So, we already know that I can be a bit compulsive sometimes. But recently, I’ve been thinking that my addiction to social networking may be a serious symptom, if not the cause, of my obsessive-compulsive behavior.
I just finished reading The Accidental Billionaires, by Ben Mezrich, which tells the story of the founding of Facebook—although, if you read the reviews, apparently it wasn’t the most accurate account... (I guess failing to speak with Facebook founder and CEO Mark Zuckerberg in a non-fiction book about Mark Zuckerberg makes you lose some credibility). Still, I was enraptured by the stories of two nerdy Harvard AEPi guys, Mark Zuckerberg and Eduardo Saverin, who really just wanted to meet some hot Asian chicks, but ended up revolutionizing how the world socializes while making shitloads of money.
They may be Bill Gates-sized geniuses, but there are a few side effects of Facebook I’m not sure Mark, Eduardo and the other Facebook guys could have foreseen: somehow, they created the ultimate distraction and stalking mechanism and the perfect drug for compulsive people like me. Could Mark have known that the genius idea he cooked up in his Harvard dorm room would simultaneously make him a billionaire while companies everywhere lost money as employees spent hours upon hours tagging pictures instead of working?
The Facebook phenomenon first reached my computer screen during my sophomore year at UW-Madison. At first, like you, I was hesitant, but eventually I caved and caught the bug—friending people left and right, checking out the guys that would be in my classes for the semester, taking funny drunk pictures to use as my new Facebook pic. Now, about six years and a gazillion new Facebook applications later, I’m afraid that little bug I caught isn’t so little anymore.
An example: Like everyone else, I hated the new design and newsfeed when it first came out. But now, I’m not sure what I would do without it. When I’m feeling low, or uninspired by my work, I simply refresh my Facebook page (yes, I leave it open all day) to see if any new posts have been added. My favorite is when I’ve been gone for more than 10 minutes (this is a rare occurrence) and I see “show 14 new posts” Yes!!
As you can tell, this is kind of becoming a problem. And since reading Mezrich’s book (accurate or not, I couldn’t put the damn thing down), I’ve realized that maybe I need to get into some kind of twelve-step program or something to wean myself off of Facebook altogether. But then again, that seems kind of dramatic—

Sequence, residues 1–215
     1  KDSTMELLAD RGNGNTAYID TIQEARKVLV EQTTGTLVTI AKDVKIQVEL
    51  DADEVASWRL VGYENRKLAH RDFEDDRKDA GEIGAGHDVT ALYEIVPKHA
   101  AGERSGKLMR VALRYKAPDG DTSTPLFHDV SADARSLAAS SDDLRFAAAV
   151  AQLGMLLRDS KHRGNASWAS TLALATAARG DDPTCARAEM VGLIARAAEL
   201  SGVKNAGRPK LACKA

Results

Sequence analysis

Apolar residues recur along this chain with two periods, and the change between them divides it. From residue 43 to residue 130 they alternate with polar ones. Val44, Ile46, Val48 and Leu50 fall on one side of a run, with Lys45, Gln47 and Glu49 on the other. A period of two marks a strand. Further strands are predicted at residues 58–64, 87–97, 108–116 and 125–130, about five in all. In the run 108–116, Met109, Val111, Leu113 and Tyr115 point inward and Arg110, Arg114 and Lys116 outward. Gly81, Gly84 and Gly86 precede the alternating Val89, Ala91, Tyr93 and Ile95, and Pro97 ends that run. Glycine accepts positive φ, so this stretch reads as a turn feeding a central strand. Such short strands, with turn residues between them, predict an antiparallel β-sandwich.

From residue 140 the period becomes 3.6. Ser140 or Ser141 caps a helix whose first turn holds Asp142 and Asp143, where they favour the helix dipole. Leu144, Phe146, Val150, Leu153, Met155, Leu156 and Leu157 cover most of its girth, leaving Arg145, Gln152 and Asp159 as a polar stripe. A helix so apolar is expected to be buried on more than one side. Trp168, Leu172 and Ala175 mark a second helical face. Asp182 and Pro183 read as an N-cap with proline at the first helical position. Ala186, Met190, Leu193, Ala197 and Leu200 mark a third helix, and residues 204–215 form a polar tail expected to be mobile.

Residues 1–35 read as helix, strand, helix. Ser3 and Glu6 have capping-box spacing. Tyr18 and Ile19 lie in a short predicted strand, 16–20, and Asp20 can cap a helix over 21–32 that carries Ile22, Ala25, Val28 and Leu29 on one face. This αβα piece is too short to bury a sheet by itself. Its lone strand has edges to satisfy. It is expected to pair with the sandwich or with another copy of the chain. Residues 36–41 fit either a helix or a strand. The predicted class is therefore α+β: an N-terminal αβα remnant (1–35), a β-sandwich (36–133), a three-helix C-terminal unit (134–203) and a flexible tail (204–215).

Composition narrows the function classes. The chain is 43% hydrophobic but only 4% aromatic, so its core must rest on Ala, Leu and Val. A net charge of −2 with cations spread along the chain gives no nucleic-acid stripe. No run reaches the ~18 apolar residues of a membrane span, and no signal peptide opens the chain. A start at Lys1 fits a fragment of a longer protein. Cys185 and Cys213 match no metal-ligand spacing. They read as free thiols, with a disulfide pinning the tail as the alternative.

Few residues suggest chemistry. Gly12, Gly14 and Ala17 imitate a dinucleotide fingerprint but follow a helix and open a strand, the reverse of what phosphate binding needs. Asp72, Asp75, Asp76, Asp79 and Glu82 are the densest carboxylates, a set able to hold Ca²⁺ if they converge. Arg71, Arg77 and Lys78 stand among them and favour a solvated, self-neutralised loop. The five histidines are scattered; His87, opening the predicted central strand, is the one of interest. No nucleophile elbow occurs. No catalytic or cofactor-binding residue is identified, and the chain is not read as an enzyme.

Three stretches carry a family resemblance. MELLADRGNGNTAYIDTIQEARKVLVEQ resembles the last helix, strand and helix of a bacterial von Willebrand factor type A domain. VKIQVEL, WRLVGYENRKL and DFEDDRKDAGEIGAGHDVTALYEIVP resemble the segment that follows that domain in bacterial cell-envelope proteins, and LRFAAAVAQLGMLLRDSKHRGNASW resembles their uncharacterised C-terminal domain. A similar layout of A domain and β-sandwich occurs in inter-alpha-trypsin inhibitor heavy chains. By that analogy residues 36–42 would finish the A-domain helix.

Before doing anything drastic like taking down my profile (like that would ever happen), I decided to do some research. Apparently, this is a real psychological condition! The RedEye posted a story this week about a treatment center in Seattle that just announced it will offer the first known rehab program in the U.S. for Internet Addiction Disorder! All you need is 45 days and $14,500 and you’ll be cured! If you think you might have IAD (or even just FAD) you can simply Google “Facebook addiction” and you’ll find tons of blog posts and articles where you can easily self-diagnose.
Despite the many reliable resources right at my fingertips, I wanted to make a list of my own to help me decide whether my life is better with or would be better without Facebook. Here goes nothing…
Things I couldn’t do without Facebook:
1) Find out who’s engaged/gawk at the size of their diamond, married/Can you believe she put her bridesmaids in that color? or pregnant/ew, I do not need a minute-to-minute update on your contractions (although cute baby pictures are encouraged).
In other words…stalk people.
2) Remember people’s birthdays. Once Facebook reminds me, now I have to decide whether you merit a gift, a card, a phone call, a ‘Happy Birthday! Hope it’s a great one!’ Wall message, or nothing at all…sad.
3) Keep track of old boyfriends and crushes/play matchmaker for friends and look up potential dates to read up on them/check out if they’re hot or not beforehand. What? You know you do it too.
4) Be “friends” with quasi-famous reality TV stars/school mascots/TV or movie characters/eating establishments.
5) Shamelessly promote myself, my articles and cute pictures from my friend’s wedding/my latest vacation/that weekend when my friend from out of town came to visit (sorry about this one guys…)
Things I could do without Facebook:
1) Get shit done—hell, I looked at some random girl from my sorority’s summer picture album just to get me through writing this sentence.
2) Get more sleep—enter boyfriend Mike: Would you stop playing on Facebook already and come to bed! Me: But so and so just put up pictures from her wedding this weekend! Can you believe she put her bridesmaids in that color?
3) Not get invited to people’s parties and events that I probably don’t want to go to. Just because we had a one hour class together freshman year, we were never really friends and haven’t spoken in six years, so I really don’t want to celebrate your birthday. (I know it sounds harsh, but you have to admit it’s true, right?)
4) Write the next great American novel. Actually, in all the time I’ve spent on Facebook, I probably could have written it twice.
5) Oh hell, who am I kidding? There is no #5. Facebook, I need you!
As far as I know there’s no special patch or gum to help wean you off Facebook, and even if I could afford the $14,500 treatment program in Seattle I’m not so sure I’d want to be cured. Now that I’ve got it, can I live without it? Hell, no.
And now, there’s Twitter too. But I’ll save that for another post.